NYU Black Renaissance Noire Spring 2015 - Page 65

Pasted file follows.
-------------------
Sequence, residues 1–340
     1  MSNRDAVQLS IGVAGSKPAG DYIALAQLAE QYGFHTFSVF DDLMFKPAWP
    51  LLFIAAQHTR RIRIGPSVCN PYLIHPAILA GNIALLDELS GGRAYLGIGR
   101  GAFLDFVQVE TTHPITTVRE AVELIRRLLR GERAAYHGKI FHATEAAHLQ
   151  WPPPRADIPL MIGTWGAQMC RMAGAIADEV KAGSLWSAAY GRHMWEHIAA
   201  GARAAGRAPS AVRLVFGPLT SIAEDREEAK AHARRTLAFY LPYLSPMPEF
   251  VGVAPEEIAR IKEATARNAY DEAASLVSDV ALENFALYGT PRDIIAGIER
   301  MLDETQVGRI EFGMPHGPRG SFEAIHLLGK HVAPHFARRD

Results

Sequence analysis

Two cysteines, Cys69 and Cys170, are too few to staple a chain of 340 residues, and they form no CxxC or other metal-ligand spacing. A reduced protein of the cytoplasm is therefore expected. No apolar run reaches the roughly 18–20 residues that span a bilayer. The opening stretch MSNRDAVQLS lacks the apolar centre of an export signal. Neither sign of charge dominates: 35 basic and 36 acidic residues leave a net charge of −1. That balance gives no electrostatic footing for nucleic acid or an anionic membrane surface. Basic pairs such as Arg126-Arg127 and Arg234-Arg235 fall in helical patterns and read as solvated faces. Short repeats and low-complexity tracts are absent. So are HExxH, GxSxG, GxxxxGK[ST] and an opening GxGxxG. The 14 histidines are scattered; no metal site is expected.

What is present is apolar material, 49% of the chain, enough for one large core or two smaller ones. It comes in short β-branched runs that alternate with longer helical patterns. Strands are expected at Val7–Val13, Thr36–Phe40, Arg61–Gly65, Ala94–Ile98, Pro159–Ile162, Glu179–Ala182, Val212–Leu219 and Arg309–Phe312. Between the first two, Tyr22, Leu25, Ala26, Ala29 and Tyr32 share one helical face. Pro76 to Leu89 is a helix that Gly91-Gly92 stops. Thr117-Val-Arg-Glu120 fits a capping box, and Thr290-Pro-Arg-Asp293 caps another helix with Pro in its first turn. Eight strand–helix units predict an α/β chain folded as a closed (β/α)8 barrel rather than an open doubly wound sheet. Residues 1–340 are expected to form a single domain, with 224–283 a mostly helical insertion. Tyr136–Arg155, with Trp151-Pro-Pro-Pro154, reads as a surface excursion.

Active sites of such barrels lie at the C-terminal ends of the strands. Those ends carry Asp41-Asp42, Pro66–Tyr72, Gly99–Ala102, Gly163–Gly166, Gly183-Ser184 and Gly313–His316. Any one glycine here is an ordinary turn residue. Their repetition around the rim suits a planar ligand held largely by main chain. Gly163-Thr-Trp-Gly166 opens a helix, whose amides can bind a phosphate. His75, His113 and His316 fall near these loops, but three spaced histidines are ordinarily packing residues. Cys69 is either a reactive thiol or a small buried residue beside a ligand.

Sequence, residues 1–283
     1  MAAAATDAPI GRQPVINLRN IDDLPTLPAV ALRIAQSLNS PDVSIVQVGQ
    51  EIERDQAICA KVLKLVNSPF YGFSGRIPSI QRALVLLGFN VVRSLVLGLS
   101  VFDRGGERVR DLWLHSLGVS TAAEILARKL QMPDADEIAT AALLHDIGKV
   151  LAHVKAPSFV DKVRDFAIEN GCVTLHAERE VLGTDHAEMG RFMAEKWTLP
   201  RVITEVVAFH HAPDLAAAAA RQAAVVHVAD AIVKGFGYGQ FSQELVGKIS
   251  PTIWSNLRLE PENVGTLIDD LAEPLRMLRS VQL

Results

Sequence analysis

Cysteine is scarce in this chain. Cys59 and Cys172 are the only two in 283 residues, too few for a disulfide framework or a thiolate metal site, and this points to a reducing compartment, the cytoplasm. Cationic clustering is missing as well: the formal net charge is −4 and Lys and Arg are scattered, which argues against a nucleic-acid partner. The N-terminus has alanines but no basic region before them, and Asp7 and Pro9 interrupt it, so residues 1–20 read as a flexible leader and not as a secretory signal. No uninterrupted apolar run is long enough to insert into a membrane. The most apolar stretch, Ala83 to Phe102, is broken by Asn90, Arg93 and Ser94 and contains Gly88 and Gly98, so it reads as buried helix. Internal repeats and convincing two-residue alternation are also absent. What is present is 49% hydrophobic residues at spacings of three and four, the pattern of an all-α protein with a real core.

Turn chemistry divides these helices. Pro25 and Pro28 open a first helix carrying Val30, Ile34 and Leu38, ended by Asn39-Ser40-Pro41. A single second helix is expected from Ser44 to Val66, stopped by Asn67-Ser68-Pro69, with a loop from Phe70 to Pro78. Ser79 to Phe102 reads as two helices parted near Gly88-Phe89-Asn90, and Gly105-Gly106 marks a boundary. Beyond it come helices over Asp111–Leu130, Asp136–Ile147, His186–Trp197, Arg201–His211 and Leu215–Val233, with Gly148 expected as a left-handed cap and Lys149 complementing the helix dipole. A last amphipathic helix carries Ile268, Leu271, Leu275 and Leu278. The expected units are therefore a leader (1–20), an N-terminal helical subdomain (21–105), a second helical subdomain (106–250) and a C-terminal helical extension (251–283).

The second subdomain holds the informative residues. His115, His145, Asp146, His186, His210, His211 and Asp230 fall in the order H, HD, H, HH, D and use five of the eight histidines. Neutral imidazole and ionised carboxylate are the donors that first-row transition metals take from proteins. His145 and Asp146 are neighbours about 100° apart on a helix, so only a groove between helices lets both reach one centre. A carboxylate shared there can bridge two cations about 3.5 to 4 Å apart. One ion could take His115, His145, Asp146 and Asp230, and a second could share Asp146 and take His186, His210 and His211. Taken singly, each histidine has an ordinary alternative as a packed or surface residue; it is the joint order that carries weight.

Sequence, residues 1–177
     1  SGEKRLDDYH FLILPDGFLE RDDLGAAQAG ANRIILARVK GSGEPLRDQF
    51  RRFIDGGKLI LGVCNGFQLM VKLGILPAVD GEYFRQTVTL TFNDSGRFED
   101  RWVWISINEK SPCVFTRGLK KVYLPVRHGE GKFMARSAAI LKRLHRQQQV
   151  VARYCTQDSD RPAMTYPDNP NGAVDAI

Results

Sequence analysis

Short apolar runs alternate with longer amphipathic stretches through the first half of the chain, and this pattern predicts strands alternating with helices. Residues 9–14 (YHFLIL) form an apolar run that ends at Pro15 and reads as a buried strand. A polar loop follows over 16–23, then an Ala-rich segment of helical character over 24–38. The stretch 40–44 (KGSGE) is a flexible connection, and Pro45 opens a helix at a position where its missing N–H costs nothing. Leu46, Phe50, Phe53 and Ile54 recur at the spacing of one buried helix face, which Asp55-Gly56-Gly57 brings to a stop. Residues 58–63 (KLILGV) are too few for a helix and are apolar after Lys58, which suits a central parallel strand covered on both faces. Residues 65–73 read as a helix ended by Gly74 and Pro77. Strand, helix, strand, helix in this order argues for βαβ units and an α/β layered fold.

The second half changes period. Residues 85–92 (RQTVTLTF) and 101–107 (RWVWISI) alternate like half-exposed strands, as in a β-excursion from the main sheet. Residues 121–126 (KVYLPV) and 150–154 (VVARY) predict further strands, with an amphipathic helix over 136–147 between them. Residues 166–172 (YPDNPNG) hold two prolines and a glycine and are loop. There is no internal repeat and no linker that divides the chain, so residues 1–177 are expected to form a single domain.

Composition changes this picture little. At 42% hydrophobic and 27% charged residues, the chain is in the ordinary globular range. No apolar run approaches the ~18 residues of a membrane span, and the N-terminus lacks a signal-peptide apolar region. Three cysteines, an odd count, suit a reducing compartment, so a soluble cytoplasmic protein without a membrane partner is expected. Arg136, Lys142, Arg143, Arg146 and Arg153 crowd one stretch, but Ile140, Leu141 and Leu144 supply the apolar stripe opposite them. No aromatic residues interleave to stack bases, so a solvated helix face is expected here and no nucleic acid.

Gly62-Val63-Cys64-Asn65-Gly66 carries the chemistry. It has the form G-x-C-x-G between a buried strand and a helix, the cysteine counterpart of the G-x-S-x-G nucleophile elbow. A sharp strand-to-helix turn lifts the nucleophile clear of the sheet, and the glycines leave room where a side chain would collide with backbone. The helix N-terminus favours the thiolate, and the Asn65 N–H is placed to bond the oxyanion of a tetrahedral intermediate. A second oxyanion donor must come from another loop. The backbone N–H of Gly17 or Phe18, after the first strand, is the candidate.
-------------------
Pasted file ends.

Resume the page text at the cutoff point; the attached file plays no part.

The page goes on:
SUMMER Soon as the weather broke, Stella and Tony were the only ones to help me pack what Marlon left behind for me in June: almost everything. Marlon’s sped-off Durango left the garage free and open for my sales. My little balloons and construction paper signs get me much more traffic than I had thought I would. Much more. I can work hardest, now, on keeping my hopes up. It is Stella who collects dollars for paperbacks, five dollars for dishes and picture frames, ten dollars for a mahogany leather photo album, twenty dollars for sealed Grenadan rum. She pulls me from my realtor’s concerns with water spots in the office. She takes me to a surprised customer I vaguely recognize. A round-faced woman beams when I approach. I am lost, until she speaks and I remember her voice and her cries and her tears. But now she smiles. She holds out ten dollars for a set of twelve neatly-boxed, hard-spine Virginia Hamilton picture books. “Well golly I’m just driving by, and…” she laughs. “Oh! You didn’t say you had a daughter,” she says. “Well, now I know why you never had time for the writers group. I was so hoping you’d come. It’s been good!” “I don’t have a daughter.” I grab her money. I roll her purchase as neatly in white tissue paper as I will certainly miss doing for the stems of flowers. “She died.” The woman stands quiet and somber until I finish. I hand her her purchase. “Thank you,” I say. I smile for a sec. She stares at me, as the realtor comes out to the yard to circle my house once more, to make more notes without me. “It’s my fault, really,” I admit. “I was working full-time, in graduate school, running my own sex toy business on weekends, interviewing celebrities, trading stocks. I just didn’t make time to investigate her day care center well enough. An assistant there had a dui past. She was hung over one day and taking a nap. My daughter slipped between the mattress and bars of her crib. She suffocated. I never bothered to sue.” The mourner admires my expert wrapping of her package, turns her attention to and from me. She slips it into her tote bag and pulls out her car keys in one quick move. “Well, like I said, I’m so sorry to hear that,” she sighs. She turns to walk away. “I know,” I say after her. “So am I.” n “Wow, you make me feel miniscule,” she says. “You just seem so, so strong. I cry like a baby, every day, still, over Mum. Nothing solved, yet.” “Oh no,” I tell her. “I used to be just like you. It’ll pass. But my daughter was killed long time ago.” “Killed?” the woman stutters. She gives me that look I remember so well, like all the friends and teachers and students and colleagues and co-workers and even strangers on trains, buses and planes. She asks me: “Well, er…I’m so sorry. Who killed her?” 63 She holds out her arms to hug me. We jiggle into a short embrace. “These books belonged to my daughter,” I say. The realtor is waving me over. Stella is strutting past somebody. The birds in my trees are chirping. The phone is ringing. And it is probably Daddy. He thinks (when I said “I’m coming!”) I mean right now. BLACK RENAISSANCE NOIRE There is an apartment complex near my father’s senior living community in Boca Raton, as well as a few recommended psychologists who specialize in African-American women and grief. I’ve already contacted them. I have to confess I killed my mother and most likely her grandchildren as well. They will tell me what to do from there. BRN-SPRING-2015.indb 63 3/29/15 11:41 AM